189 Troop Diary.
Nerves and trepidation filled the carriage as the train pulled up alongside CTCRM where we could see the famous bottom field and recruits being encouraged by the PTI’s to give it their all. Upon arrival to CTCRM we were met by the troop DL and members of the training team who would escort us to the foundation block where we would take the first steps into learning the basic skills required to become a Royal Marines Commando.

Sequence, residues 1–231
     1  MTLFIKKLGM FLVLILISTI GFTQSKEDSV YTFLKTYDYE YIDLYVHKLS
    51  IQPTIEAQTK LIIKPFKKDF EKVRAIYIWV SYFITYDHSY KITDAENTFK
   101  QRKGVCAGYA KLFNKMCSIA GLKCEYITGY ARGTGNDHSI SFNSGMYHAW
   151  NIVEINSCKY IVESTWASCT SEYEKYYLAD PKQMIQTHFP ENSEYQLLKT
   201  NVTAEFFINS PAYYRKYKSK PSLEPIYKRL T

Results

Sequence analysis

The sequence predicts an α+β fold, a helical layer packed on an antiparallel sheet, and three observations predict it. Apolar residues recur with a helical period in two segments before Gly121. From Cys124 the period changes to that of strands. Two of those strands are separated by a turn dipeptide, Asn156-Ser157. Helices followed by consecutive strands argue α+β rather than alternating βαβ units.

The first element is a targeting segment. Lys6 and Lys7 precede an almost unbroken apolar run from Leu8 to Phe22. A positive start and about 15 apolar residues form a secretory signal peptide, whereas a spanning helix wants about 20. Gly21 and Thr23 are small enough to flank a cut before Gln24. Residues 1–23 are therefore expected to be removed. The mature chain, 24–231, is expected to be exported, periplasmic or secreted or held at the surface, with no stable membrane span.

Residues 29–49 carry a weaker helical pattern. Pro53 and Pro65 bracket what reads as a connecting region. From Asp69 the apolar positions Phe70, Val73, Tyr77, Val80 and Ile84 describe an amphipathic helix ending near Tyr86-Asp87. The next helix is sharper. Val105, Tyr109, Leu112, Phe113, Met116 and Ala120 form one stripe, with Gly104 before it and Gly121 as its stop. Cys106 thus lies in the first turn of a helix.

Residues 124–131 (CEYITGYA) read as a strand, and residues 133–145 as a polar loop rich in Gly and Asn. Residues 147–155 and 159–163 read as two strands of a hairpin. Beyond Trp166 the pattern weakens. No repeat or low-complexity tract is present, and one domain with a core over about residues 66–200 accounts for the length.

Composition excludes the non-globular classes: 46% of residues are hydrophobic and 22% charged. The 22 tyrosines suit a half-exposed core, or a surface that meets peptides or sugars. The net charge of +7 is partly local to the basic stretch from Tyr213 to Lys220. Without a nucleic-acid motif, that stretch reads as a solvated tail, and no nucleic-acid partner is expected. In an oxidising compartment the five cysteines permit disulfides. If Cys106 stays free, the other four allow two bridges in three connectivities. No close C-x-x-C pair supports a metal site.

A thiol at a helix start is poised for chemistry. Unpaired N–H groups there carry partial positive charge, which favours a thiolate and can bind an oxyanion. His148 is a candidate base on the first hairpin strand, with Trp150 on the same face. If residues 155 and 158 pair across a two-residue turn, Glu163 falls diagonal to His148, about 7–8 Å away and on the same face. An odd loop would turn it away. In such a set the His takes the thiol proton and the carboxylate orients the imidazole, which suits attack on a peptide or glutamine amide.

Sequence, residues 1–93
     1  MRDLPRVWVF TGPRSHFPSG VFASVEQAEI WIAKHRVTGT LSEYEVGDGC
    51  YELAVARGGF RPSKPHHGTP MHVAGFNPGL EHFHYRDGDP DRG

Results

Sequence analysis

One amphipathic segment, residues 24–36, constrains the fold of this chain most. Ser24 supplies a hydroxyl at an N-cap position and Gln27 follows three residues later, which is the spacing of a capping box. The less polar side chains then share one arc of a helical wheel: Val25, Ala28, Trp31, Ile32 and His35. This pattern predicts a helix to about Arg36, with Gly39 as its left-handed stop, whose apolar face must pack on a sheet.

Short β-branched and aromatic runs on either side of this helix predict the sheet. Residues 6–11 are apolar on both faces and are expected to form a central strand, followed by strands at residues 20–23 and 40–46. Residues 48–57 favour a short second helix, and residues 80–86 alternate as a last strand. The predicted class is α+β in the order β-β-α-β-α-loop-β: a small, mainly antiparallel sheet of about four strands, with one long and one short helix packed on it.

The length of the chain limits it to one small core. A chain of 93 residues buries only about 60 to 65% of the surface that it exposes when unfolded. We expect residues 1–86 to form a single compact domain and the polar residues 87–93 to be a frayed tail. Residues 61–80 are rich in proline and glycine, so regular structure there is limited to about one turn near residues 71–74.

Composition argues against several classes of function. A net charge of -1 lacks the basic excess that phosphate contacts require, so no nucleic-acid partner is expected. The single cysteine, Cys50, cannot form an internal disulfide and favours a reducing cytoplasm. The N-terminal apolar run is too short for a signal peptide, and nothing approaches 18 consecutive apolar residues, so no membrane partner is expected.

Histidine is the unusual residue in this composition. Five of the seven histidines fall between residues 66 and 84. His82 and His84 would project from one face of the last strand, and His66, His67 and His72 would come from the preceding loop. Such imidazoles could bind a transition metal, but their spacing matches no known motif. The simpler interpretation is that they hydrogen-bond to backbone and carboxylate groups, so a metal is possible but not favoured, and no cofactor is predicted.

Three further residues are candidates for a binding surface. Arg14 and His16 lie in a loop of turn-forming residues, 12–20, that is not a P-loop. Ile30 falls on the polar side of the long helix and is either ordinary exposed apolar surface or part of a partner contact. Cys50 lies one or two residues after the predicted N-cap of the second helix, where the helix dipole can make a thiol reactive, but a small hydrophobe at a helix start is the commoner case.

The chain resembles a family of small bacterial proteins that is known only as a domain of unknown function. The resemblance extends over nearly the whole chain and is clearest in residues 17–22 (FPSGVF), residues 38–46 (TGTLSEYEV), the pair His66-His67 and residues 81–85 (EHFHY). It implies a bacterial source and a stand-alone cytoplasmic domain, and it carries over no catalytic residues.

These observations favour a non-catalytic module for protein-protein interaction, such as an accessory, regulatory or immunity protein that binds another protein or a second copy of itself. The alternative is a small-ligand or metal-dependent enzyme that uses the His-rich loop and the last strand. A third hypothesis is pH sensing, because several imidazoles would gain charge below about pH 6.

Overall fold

Over the next two weeks we would be taught even the most basic of administrative skills, from how to wash and shave properly to how to iron our uniforms and wear them correctly. With so much to learn our timetable was very hectic, the mornings early and the nights late. With such a packed schedule and what seemed like no time to complete all the tasks the troop soon demonstrated the sense of urgency the training team required from us. Inevitably with so many new skills being taught and put into practise for the first time mistakes were made and timings not adhered to. As a result we soon became accustomed to performing remedial press ups and learning how to re-fold our clothes that were not up to the required standard. Every recruit experienced the ‘shock of capture’ which came with the transition from a civilian to a military lifestyle. However, even with the lack of sleep and constant pressures of our new environment the troop started to gel together and began learning each others first names and initiated ‘cheerfulness in the face of adversity’ to help each other with different tasks. This helped boost morale and some real characters started to shine through. The highlights for the troop were the physical training periods constructed in the gym (to give us a break from ironing!) and a night out under canvas which gave us an insight into what life would be like in the field. We were introduced to wet and dry routine which led us to the infamous water tank, so we could practice the technique of getting changed out of soaking wet clothes under our poncho’s. Overall the first two weeks were very hectic but very enjoyable. The Troop worked very hard late into the night to pass our locker and accommodation inspection which would be the key into moving into our 6 man rooms which would signify the end of foundation training The hard work paid off and we were moved into a quiet corner of the camp overlooking the estuary. Looking forward into week 3 the Troop is relishing the prospect of learning some soldiering skills and being taught to wield something slightly more interesting than an iron!